Evaluating Building Envelope Energy Performance
When considering the energy efficiency of any wall or roof assembly, it is important to look beyond the insulation’s R-value, to the thermal performance of the entire assembly.
Although the insulation itself might have a high R-value, interruptions in the form of studs or other breaks in the insulation can dramatically reduce the effective R-value of the entire wall or roof assembly. Such breaks provide a “thermal bridge” for heat to escape out of the building.
The U.S. Dept. of Energy found that of 20 wall assemblies tested, “whole-wall R value was always less than the rated R value.” The upshot is for superior energy performance, don’t rely only on the insulation’s stated R-value. In fact, as codes become more performance-based, building professionals will need to evaluate the entire envelope assembly.
How Do SIPs Stack-Up For Energy?
SIPs provide the CI required under the latest building codes, dramatically reduce air leakage from the building and have fewer thermal bridges than other building methods. As a result, SIPs can help lower energy costs for space heating and cooling by up to 60 percent above standards set forth in the 2006 IECC.
SIPs provide higher whole-wall R-values than stick-frame construction. The U.S. Dept. of Energy’s Oak Ridge National Laboratory (ORNL) evaluated entire wall assemblies, including heat transfer through studs and other structural members, corners and joints, and around openings. For similar wall thicknesses, SIPs were 47 percent better at resisting heat flow. A 3.5-inch-thick foam core SIP wall had a 14.09 R-value versus 9.58 R-value for 2 by 4 studs at 16 inches-on-center with fiberglass insulation. The SIP structure’s 14.09 whole-wall R-value even out-performed the 13.69 R-value of “advanced framing” with 2 by 6 studs at 24 inches-on-center.
ORNL testing also showed that SIP structures are up to 15 times more airtight than stick framed walls insulated with fiberglass batts. A SIP structure had an air leakage rate of only 8 cubic-feet-per-minute (at 50 pascals of pressure) compared to stick framing which leaked air at 121 cubic-feet-per-minute. This dramatic difference is because SIP-built walls and roofs have far fewer gaps to be sealed.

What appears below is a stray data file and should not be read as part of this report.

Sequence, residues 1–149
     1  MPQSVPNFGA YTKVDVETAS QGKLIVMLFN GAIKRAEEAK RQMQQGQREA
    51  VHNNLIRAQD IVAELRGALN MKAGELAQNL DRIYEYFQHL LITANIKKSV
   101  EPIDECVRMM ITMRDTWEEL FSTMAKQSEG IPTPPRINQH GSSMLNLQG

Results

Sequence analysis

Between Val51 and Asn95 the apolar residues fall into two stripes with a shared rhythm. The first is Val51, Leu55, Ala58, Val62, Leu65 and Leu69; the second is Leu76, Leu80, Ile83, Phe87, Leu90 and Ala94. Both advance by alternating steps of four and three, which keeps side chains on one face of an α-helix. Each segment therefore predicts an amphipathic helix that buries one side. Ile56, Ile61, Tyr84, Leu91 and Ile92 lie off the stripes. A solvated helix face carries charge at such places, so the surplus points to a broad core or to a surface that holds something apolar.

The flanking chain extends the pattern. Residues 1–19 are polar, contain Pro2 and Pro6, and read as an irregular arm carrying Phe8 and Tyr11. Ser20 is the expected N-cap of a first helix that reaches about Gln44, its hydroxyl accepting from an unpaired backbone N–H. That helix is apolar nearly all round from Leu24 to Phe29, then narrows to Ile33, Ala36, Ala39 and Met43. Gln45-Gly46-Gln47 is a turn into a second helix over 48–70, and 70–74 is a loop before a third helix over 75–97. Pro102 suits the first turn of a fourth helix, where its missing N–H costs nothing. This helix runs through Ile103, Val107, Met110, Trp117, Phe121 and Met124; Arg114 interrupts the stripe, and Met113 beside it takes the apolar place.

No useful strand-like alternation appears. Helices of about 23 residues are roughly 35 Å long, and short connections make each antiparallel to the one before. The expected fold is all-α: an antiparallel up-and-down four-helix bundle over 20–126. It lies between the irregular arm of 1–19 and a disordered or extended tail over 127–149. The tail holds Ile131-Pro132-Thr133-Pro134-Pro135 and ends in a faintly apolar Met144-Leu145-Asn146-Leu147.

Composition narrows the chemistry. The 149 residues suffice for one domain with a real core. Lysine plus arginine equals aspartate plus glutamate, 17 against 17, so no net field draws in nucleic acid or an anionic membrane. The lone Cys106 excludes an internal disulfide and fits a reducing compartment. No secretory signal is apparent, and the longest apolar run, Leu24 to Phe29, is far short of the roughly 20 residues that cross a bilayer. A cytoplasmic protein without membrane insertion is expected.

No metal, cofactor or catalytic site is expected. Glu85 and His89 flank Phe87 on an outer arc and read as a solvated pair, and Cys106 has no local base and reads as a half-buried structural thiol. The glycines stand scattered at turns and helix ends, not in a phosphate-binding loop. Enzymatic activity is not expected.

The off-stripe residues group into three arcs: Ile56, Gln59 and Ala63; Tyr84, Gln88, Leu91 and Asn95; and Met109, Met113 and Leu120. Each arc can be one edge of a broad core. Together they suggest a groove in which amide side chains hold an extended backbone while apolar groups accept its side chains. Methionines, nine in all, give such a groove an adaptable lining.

Working with SIPs
In addition to providing a high-performance building envelope, many building teams are choosing SIPs for their fast and easy installation.
The panels come in large sections (up to 8 by 24 feet) labeled for ready installation according to a coded plan. Builders can thus construct entire walls and roofs in a matter of hours, instead of days or weeks. SIPs also combine structural elements and insulation in one system, which eliminates separate schedules for framing, insulation and sheathing. Pre-cut electrical chases eliminate the time-consuming need to drill through dozens of studs to install wiring.
Contractors continue to face severe labor shortages, especially for skilled framers. In addition to streamlining the work of other trades, SIPs reduce framing labor. SIPs eliminate the need to cut and install dozens of studs and other sticks throughout walls and roofing. And, because the panels arrive on the job site with window and door openings already cut out, there is no need to frame-out openings with jack studs and headers.
“With the pre-built panels, you just have to piece the building together like a puzzle,” said Glen Kamerman, partner with Kamerman Construction.